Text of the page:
Straw Houses Making a Comeback

Straw houses are making a comeback in Europe

But recently straw has come back into fashion as a building material. America will add rules on straw-house construction to its national building codes in 2015 because of growing demand. The European Commission has said it wants up to 5% of new houses to be built out of straw panels by 2020. Why the renewed interest in this unlikely building material?


In the past two decades the use of straw-filled panels has become fashionable again all over the world as an eco-friendly and cheap construction method. Straw can be locally sourced in most parts of the world, reducing transportation emissions (and costs). Once installed, straw panels provide high levels of insulation: a study by the University of Bath found that a straw house’s energy costs could be as much as 85% lower than those of a conventionally-built home.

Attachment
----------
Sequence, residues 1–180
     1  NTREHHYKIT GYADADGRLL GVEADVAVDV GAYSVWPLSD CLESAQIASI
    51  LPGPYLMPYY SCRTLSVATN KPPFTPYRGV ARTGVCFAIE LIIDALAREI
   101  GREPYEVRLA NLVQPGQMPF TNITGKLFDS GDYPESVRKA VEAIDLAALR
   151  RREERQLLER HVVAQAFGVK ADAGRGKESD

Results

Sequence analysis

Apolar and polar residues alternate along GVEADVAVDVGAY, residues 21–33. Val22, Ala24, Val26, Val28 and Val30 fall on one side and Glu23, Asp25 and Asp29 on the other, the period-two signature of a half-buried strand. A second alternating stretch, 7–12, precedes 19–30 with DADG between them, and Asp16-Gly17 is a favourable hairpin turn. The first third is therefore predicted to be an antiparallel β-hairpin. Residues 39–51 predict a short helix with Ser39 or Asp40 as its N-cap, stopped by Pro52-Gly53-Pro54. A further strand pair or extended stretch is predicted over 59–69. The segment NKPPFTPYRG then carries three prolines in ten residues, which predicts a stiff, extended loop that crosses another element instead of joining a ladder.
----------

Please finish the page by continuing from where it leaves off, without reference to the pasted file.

Some of straw’s former drawbacks have been resolved. A lime render means that straw houses no longer receive unwanted attention from cows. Nor do they require the use of poisonous chemicals in the building process. Builders boast of their low construction costs: one straw house was recently built in Scotland for £4,000 ($6,400), one-twentieth of the cost of the average new build in Britain. Straw houses are even earthquake-resistant, according to research by the University of Nevada, Reno. Because they are more flexible than materials such as concrete and bricks, they are more stable during tremors—and less likely to kill anyone if they do fall down, being so lightweight.

For now, I will follow the building standards on Pig #3 instead of Pig #1…

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